FIG. 4 illustrates the way the craft apron appears when worn. It is cinched at one of the wearer's shoulders and tied in back at her waist.
FIG. 5 shows the preferred construction of a pocket to be attached to the upper triangular portion of the craft apron. This pocket is actually three relatively long narrow pockets by virtue of being seamed or otherwise attached to the triangularpiece at two locations parallel to its sides.
FIG. 6 illustrates a lower side pocket having an inner pocket for holding a cell phone, a pattern, a pocket calculator or a data processing accessory, and an outer pocket especially adapted to hold a second skein or ball of yarn.
FIG. 7 illustrates a lower side pocket that is elasticized or otherwise adapted to hold a skein or ball of yarn securing.
FIG. 8 depicts a center lower pocket encompassing an inside closable secure pocket for keys, credit cards, money, etc.
DETAILED DESCRIPTION OF THE INVENTION
The craft apron of this invention can be made of many fabrics. Preferred fabrics are durable, washable, and relatively soft and pliable so that they are comfortable to wear and can be easily folded, rolled up, and placed in the stuff sack. Thestuff sack is preferably of the same material as the craft apron. Especially useful and desirable fabrics include 100% cotton, kettle cloth (50:50 cotton/polyester blend), twill, canvas, and oxford cloth. A flexible, plasticized form of any of theaforementioned materials is also recommended for those who expect to wear the craft apron in the nursery, bath or kitchen, since the plasticized surface can be readily wiped clean.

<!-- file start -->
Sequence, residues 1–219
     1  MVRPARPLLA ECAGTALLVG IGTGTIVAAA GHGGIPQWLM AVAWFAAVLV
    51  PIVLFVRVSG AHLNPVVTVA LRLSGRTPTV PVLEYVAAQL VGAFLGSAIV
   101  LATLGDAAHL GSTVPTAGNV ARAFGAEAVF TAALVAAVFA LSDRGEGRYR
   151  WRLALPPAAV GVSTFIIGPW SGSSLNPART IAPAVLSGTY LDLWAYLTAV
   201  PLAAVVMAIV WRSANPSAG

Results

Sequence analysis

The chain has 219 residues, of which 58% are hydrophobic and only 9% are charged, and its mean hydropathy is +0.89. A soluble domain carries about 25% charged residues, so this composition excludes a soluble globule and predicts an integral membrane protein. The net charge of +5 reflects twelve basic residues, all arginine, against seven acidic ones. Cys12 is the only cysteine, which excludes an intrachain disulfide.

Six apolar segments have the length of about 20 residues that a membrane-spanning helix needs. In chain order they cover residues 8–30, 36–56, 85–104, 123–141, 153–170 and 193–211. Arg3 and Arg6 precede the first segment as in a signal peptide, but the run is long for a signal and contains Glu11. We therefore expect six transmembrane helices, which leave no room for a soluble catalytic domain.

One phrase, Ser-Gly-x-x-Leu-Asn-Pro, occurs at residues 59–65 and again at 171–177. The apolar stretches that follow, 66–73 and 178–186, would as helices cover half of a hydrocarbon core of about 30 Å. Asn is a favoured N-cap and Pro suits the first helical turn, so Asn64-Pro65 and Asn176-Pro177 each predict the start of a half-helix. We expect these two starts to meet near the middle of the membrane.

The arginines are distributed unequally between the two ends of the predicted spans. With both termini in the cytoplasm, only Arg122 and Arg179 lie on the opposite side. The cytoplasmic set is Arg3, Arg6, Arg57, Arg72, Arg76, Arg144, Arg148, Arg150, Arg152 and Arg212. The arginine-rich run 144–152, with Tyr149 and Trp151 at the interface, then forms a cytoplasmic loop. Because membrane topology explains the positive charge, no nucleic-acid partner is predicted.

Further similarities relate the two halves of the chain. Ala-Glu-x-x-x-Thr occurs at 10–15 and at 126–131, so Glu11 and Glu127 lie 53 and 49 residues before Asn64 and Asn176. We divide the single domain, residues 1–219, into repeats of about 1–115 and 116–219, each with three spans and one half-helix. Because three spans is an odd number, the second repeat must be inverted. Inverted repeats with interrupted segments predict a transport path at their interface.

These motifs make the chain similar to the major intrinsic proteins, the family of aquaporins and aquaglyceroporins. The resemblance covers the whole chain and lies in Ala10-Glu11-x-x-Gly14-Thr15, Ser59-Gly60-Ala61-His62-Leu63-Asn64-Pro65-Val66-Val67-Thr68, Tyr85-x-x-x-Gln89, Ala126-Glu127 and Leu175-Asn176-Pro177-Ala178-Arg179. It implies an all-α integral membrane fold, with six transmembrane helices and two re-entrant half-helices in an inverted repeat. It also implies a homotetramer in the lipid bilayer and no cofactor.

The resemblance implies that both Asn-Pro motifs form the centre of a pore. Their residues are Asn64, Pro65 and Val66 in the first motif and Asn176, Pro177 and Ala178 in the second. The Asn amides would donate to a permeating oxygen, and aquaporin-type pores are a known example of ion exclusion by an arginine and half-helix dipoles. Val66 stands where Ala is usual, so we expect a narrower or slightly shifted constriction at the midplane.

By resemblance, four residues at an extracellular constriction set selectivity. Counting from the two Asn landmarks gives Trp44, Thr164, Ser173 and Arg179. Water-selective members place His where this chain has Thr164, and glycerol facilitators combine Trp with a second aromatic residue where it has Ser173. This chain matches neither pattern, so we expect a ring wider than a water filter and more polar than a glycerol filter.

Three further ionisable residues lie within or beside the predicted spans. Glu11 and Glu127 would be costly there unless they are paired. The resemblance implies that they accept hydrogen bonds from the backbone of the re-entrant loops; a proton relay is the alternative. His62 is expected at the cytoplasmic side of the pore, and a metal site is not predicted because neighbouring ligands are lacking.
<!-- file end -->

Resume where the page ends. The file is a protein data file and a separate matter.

Non-woven materials, in general, are less preferred than those mentioned above because they often lack body and strength. Similarly, fabrics made by knitting such as jerseys, may be easily snaggable and/or lacking body and strength. Heavymaterials that tend to restrict the wearer's freedom of movement are likewise not favored. Treated paper might be used if an inexpensive, disposable garment were desired but these characteristics are not preferred attributes of a craftworker's smock.